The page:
Bikeweek Ritual: Murrells Inlet community offer roadside greetings to bikers
Murrells Inlet resident Arthur Weygant recalled a time when he would hop on his motorcycle and drive on the open highway. Now, the senior sets up a lawn chair every year along Highway 17 Business and watches as thousands of motorcycles roll into town for Myrtle Beach Bike Week.
“It’s like music to me,” Weygant told The Sun News. “You see so many different kinds of bikes and a lot of people wave to you and they’re friendly.”
While Weygant sat outside for nearly two hours waving to bikers, he wasn’t the only one. Over a dozen residents from a nearby retirement development, Jensen Communities, parked their golf carts stocked with snacks and drinks along the highway to enjoy the sights and sounds.
While Tom Walker can see the motorcycles from his house, he said sitting along the highway gives him a better view of each bike, calling the different sizes and colors of each bike fascinating. His wife, Tara, however said she loves the noise.
“We just moved here, but we always ended up being here during bike week,” Tara Howell said. “People are so happy. It’s so much fun.”
Similar to the Walkers, other onlookers shared their experiences traveling to Myrtle Beach during bike week to either participate with their custom bikes or join in on the many festivities held during the week-long bike fest in Murrells Inlet.
Terri and James Howell spent 14 years vacationing to Myrtle Beach for bike week before moving to the area from Ohio. While they traded their motorcycle in for a new golf cart, they have a deeper appreciation for the array of bikes whizzing by as they wave and cheer them on.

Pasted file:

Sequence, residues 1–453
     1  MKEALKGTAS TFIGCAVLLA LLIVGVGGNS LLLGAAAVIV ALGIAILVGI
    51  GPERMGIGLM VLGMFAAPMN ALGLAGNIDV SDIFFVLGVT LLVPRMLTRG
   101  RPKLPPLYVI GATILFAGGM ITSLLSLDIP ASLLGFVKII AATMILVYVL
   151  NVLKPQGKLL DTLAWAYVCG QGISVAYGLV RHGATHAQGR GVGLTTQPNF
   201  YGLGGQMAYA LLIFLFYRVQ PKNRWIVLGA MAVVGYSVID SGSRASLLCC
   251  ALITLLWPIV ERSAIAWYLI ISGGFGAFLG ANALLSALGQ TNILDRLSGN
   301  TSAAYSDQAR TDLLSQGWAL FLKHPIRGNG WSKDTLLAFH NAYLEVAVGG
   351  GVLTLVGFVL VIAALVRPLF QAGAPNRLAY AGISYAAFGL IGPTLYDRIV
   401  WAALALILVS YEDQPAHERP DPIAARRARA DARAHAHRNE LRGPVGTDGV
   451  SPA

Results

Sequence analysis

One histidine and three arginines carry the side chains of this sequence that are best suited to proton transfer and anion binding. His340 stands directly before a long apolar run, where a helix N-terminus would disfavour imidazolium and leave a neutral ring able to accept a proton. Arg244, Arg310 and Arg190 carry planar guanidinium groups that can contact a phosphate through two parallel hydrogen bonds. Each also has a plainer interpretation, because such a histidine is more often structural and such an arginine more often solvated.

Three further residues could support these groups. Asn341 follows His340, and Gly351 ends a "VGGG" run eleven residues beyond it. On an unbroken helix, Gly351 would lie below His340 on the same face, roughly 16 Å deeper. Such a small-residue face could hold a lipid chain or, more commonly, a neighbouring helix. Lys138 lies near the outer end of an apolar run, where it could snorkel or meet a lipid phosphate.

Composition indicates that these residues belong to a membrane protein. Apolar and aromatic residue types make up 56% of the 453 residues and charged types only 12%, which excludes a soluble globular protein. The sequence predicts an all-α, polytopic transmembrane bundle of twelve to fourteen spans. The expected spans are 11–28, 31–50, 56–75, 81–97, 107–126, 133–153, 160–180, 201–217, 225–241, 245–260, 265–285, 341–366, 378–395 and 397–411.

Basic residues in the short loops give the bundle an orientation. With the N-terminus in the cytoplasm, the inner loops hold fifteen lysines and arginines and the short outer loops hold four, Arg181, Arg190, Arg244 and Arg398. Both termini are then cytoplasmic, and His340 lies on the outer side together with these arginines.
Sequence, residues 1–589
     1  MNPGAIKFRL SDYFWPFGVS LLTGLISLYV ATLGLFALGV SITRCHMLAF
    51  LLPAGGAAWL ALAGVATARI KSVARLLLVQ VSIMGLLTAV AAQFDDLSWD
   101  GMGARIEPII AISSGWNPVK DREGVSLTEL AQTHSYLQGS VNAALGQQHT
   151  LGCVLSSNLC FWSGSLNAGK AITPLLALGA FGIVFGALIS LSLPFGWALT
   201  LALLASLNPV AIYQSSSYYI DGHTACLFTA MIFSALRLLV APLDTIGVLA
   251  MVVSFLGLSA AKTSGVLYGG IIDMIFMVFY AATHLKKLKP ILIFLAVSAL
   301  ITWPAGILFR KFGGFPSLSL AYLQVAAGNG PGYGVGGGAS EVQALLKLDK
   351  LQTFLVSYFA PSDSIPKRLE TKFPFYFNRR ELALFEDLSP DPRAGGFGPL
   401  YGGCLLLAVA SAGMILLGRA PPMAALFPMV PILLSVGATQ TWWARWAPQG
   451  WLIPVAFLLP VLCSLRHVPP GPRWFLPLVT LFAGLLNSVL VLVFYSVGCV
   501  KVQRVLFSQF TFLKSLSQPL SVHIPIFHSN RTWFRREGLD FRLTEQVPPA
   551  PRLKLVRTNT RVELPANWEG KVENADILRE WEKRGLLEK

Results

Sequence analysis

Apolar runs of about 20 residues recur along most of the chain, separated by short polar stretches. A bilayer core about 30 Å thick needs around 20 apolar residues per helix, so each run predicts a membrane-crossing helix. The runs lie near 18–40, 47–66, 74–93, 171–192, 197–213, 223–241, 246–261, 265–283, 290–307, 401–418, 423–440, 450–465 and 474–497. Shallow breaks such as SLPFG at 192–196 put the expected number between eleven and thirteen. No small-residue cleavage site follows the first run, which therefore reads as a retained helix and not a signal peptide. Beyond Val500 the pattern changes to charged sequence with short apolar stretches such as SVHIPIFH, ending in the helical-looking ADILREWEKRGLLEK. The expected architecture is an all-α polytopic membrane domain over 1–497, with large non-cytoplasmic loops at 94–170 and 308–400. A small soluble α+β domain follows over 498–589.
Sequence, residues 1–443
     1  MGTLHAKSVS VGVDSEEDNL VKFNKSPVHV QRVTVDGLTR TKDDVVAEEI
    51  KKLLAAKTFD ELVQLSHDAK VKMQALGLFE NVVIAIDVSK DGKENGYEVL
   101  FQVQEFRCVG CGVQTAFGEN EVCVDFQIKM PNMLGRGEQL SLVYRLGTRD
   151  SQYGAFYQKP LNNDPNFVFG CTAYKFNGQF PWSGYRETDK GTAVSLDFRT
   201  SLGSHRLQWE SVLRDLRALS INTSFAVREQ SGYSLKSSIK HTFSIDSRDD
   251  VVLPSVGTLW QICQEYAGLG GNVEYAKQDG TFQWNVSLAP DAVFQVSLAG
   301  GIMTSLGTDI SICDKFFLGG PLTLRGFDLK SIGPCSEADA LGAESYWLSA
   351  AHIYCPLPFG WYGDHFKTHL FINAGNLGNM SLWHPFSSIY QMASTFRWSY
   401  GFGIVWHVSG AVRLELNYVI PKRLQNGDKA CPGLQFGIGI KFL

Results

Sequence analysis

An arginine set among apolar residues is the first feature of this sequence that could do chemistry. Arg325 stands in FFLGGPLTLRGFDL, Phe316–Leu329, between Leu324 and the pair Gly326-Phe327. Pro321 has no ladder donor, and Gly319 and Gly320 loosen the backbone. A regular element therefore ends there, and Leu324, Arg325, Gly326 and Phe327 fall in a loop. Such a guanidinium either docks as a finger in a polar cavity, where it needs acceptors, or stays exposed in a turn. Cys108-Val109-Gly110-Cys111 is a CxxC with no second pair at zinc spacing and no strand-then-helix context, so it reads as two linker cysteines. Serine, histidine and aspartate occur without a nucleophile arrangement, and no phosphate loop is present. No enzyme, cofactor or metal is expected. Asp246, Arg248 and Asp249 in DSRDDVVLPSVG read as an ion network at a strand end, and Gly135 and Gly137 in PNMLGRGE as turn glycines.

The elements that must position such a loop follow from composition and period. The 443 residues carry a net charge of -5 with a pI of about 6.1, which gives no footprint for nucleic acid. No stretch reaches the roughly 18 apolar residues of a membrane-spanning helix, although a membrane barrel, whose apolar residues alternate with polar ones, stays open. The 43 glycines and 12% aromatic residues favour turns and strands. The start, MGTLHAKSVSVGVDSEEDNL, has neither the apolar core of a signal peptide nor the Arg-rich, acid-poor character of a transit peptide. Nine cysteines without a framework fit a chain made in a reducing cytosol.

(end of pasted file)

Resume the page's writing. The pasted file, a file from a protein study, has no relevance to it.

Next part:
“Now we don’t ride bike week, we watch bike week,” Terri Howell said. “We watch them go by and wave and be friendly with them.”
Both said there’s a misconception when it comes to bikers, explaining that the noise and appearance can often give people the wrong impression, but stressed the bikers who spend time in Myrtle Beach are nice people with fascinating lives.
“People look at what they look like, they look at their tattoos and they automatically think they’re bad,” Howell said. “A lot of people don’t like it, but these people here will give you the shirt off their back faster than someone who lives in a $5 million home.”
Donna Venette said she used to vacation in Myrtle Beach with her late husband during bike week and watched spectators enjoying the scene as if a parade was going on hoping to one day be doing that herself.
“I used to watch people sitting out here and I’d say ‘someday I want to be doing that’ and I never thought that I’d be living here,” Venette said. “This is the closest I’ll ever come to being a biker chick.”